Film Soundtrack, 1939 (MGM/Rhino-Turner) (5 / 5) Is it an overstatement to call MGM’s The Wizard of Oz the world’s most beloved film? Happily, a superb job has been done with the latest edition of the soundtrack recording of this gem, and we owe thanks to Marilee Bradford and Bradley Flanagan for doing it so neatly and completely. Many of us have fond memories of an old MGM “highlights” LP, but here we get all of the music from the movie, in the best possible sound. What’s most impressive is all the musical detail that may be heard clearly for the first time. Yes, we know “Over the Rainbow” and the other great Harold Arlen-E.Y. Harburg songs performed by Judy Garland, Ray Bolger, Jack Haley, Bert Lahr, and Frank Morgan, but the background music by Herbert Stothart represents Hollywood scoring at its peak. Included on the two-CD version of the soundtrack are several other treats: multiple takes of many songs, including one of “Over the Rainbow” that comes to a premature stop with a big sneeze/cough from Garland; the song “Jitterbug,” cut from the film, but tuneful and fun to hear; and the original Buddy Ebsen recording of”If I Only Had a Heart,” made before Ebsen’s reaction to the Tin Man’s aluminum makeup forced his replacement by the far more suitable Haley. Another bonus with the two-disc set is a sumptuous booklet with rare photos and detailed notes. — Richard Barrios
Original London Cast, 1989 (JAY) (2 / 5) What was more inevitable than a stage version of the extraordinarily popular MGM film The Wizard of Oz? By the 1960s, productions were cropping up everywhere; one of them even had the wonderful Margaret Hamilton reprising her definitive performance as the Wicked Witch of the West. But the most determined effort to put Oz onstage came in the 1980s, by no less a force than London’s Royal Shakespeare Company. The film’s orchestrations were recreated, its special effects adapted, and variations of this production have been performed numerous times since. The cast recording is in no way comparable to the movie soundtrack, but it’s passable. Conductor John Owen Edwards’ tempi differ from those in the movie, and while the orchestra plays well, the results are somewhat jolting. The cast varies wildly, from a sweet Dorothy (Gillian Bevan) to an undistinguished Scarecrow-Tin Man-Lion trio to a geriatric Glinda (Joyce Grant, who doubles as Aunt Em) and a literal drag of a Miss Gulch/Wicked Witch (the coyly named Bille Brown). Of course, the score itself is imperishable. — R.B.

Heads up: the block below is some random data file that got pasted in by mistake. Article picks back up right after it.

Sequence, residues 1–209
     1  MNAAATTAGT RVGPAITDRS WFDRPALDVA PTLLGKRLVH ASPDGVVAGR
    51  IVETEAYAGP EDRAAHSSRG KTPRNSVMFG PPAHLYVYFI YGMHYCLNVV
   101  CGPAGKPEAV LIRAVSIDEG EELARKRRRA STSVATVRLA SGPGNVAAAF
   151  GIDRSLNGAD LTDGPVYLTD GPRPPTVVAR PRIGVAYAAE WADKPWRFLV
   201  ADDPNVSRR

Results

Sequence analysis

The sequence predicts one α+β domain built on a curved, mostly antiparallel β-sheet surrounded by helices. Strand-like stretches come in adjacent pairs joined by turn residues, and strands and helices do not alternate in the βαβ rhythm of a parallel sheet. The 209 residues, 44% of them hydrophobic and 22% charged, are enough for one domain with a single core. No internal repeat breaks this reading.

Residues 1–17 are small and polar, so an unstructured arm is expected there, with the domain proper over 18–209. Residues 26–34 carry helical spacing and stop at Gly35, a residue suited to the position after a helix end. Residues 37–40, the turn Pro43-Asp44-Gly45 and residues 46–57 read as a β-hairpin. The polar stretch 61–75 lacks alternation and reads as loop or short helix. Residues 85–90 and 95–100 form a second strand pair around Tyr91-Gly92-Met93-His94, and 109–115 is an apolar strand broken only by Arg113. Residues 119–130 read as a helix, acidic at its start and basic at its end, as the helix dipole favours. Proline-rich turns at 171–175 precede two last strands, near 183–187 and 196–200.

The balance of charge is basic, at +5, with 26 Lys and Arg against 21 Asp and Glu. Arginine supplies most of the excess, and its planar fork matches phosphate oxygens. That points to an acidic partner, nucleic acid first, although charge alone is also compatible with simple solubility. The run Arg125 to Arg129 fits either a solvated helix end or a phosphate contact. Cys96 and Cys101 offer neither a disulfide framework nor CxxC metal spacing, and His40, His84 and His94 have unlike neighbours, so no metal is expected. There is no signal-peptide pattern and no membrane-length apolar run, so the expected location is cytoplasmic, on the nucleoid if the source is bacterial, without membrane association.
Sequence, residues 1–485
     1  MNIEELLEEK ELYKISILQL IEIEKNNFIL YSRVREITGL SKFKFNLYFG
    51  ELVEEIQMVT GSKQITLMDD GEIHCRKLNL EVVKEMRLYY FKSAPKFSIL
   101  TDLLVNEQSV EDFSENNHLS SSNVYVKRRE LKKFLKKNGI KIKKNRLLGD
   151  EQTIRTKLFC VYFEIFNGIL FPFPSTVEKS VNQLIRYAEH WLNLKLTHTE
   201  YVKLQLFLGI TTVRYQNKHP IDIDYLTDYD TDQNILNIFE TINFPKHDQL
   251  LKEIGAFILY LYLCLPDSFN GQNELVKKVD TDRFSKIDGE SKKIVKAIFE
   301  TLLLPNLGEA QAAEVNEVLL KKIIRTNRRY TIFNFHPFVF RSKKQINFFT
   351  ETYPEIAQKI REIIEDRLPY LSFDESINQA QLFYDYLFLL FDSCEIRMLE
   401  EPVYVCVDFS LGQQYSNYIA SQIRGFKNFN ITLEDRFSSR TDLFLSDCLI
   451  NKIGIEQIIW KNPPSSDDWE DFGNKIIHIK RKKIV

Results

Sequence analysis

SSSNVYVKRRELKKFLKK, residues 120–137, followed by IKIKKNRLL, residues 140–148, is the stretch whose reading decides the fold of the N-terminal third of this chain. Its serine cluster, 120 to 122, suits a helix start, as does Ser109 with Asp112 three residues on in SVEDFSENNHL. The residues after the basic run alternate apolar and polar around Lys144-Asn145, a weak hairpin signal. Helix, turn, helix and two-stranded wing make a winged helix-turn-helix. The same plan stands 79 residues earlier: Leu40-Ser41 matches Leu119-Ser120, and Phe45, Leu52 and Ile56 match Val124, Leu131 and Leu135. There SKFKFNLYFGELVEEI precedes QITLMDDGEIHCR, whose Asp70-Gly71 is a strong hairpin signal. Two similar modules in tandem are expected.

New York Concert Cast, 1996 (Rhino-Turner) (1 / 5) Roger Daltrey as the Tin Man? Jackson Browne as the Scarecrow? Debra Winger as Miss Gulch and the Witch? Yes indeedy, that was the casting of a televised Lincoln Center concert version of The Wizard of Oz, performed only once for charity. But this recording also gives us Nathan Lane as quite a good Cowardly Lion. Of Browne and Daltrey, it might be said that they try hard. While Winger has some fun with her devilish doings, Natalie Cole’s Glinda sounds extremely tentative. The Boys Choir of Harlem makes sweet sounds as the Munchkins, and the idea of casting Joel Grey as the Wizard was so good that it was carried forward to the Broadway musical “prequel” Wicked. Unfortunately, nothing that’s good about this recording can overcome its terminal handicap: the horrific portrayal of Dorothy by Jewel, with her unending overlay of American Idol-style swoops and gulps. Those who revere “Over the Rainbow” are officially alerted that we’re not in Kansas anymore! — R.B.